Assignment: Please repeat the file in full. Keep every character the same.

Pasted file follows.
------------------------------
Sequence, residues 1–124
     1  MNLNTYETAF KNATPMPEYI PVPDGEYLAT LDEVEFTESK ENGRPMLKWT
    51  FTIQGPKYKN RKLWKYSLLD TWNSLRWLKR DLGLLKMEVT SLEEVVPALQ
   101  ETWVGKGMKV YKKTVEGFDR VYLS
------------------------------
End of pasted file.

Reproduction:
Sequence, residues 1–124
     1  MNLNTYETAF KNATPMPEYI PVPDGEYLAT LDEVEFTESK ENGRPMLKWT
    51  FTIQGPKYKN RKLWKYSLLD TWNSLRWLKR DLGLLKMEVT SLEEVVPALQ
   101  ETWVGKGMKV YKKTVEGFDR VYLS